• SqlString s2=new SqlString(“lugar”, English);
    • Int r=s1.CompareTo(s2);
      Here, s1 is a Spanish string and s2 is an English string. This technique is disadvantageous at least because it is expensive to carry around additional information for each instance. Moreover, although this comparison would pass at compile time because the types are the same (namely a string), it would fail at runtime because a Spanish string cannot be compared to an English string. Thus, this methodology is also weakly typed and not suited for production of safe and reliable software.

Accordingly, there is a need in the art for an efficient and strongly typed system and method of collation information specification and utilization.

SUMMARY

The following presents a simplified summary of the invention in order to provide a basic understanding of some aspects of the invention. This summary is not an extensive overview of the invention. It is not intended to identify key/critical elements of the invention or to delineate the scope of the invention. Its sole purpose is to present some concepts of the invention in a simplified form as a prelude to the more detailed description that is presented later.

Briefly described, the present invention concerns a data constraint construction system and method. The constraint system includes a type constraint and a collation constraint. According to one aspect of the invention, the collation constraint can be incorporated into the data type constraint thereby enabling strong type checking. For instance, the data type can be parameterized with collation information in the form data type<collation information>.

According to one aspect of the present invention, the data type can be a local string and the collation information can designate the language of the string, for example, string<eng>. Furthermore, collation information can be hierarchical to support subtyping. For instance, a collation constraint can include both a language constraint and a culture constraint, and the culture constraint can be utilized to define subtypes of the collation constraint such English-US, English-BR, or English-AU.

The data type could also be datetime, among other things, where datetime provides temporal data. In such a scenario, the collation constraint can be a time zone, as times cannot be compared without knowledge of the time zone associated with each time.

According to another aspect of the subject invention, data constraint components including collation constraints can be used in conjunction with generic types to produce constructed types or further limit the type of data utilized thereby. For example, List<T> can become List<String<eng>>.

Furthermore, in accordance with yet another aspect of the present invention, the subject data constraint construction system and method can be employed to map weakly typed languages (e.g., SQL) to strongly typed languages or systems (e.g., C#, Java, CLR (system with runtime type system)).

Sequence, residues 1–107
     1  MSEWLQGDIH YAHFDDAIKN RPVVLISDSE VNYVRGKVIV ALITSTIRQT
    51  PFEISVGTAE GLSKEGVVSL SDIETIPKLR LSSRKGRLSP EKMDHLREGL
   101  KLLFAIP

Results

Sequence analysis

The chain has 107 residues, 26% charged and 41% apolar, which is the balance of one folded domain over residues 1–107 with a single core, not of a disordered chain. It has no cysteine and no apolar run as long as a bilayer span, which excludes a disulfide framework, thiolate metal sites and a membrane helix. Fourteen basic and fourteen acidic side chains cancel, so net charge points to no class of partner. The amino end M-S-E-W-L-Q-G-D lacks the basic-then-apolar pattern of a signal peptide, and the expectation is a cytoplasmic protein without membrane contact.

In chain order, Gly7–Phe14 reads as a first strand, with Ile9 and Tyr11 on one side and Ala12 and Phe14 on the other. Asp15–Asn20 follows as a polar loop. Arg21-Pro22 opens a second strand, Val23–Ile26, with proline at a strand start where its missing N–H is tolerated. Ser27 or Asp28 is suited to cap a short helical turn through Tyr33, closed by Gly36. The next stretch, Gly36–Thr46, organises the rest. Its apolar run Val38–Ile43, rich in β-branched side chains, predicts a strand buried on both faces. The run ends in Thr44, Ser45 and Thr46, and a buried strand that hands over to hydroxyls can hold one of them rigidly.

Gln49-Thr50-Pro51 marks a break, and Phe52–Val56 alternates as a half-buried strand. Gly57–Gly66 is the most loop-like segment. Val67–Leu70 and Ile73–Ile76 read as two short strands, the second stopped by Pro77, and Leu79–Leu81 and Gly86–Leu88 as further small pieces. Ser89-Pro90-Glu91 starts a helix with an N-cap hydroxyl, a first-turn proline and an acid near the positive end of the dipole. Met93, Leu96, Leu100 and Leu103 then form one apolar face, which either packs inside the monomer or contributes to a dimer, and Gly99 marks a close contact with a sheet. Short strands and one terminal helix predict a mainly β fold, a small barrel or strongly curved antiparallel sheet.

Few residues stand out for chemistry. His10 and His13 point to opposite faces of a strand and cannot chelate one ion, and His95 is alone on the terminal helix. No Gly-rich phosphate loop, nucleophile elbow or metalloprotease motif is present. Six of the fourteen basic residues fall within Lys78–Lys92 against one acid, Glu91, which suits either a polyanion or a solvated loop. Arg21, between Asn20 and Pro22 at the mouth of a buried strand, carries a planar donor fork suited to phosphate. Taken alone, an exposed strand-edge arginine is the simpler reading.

To the accomplishment of the foregoing and related ends, certain illustrative aspects of the invention are described herein in connection with the following description and the annexed drawings. These aspects are indicative of various ways in which the invention may be practiced, all of which are intended to be covered by the present invention. Other advantages and novel features of the invention may become apparent from the following detailed description of the invention when considered in conjunction with the drawings.

BRIEF DESCRIPTION OF THE DRAWINGS

The foregoing and other aspects of the invention will become apparent from the following detailed description and the appended drawings described in brief hereinafter.

FIG. 1 is a block diagram of a data constraint construction system in accordance with an aspect of the subject invention.

FIG. 2 is a block diagram of a data constraint component in accordance with an aspect of the subject invention.

FIG. 3 is a block diagram of a collation constraint component in accordance with an aspect of the present invention.

FIG. 4 is a block diagram of a collation constraint hierarchy in accordance with an aspect of the subject invention.

FIG. 5 is a block diagram of a type check system in accordance with an aspect of the subject invention.

FIG. 6 is a block diagram of a collation restraint component in accordance with an aspect of the present invention.

FIG. 7 is flow chart diagram of a data constraint methodology in accordance with an aspect of the subject invention.

FIG. 8 is a flow chart diagram of a type checking methodology in accordance with an aspect of the present invention.

FIG. 9 is a flow chart diagram of a type checking methodology in accordance with an aspect of the subject invention.

FIG. 10 is a schematic block diagram illustrating a suitable operating environment in accordance with an aspect of the present invention.

FIG. 11 is a schematic block diagram of a sample-computing environment with which the present invention can interact.

DETAILED DESCRIPTION

The present invention is now described with reference to the annexed drawings, wherein like numerals refer to like or corresponding elements throughout. It should be understood, however, that the drawings and detailed description thereto are not intended to limit the invention to the particular form disclosed. Rather, the intention is to cover all modifications, equivalents, and alternatives falling within the spirit and scope of the present invention.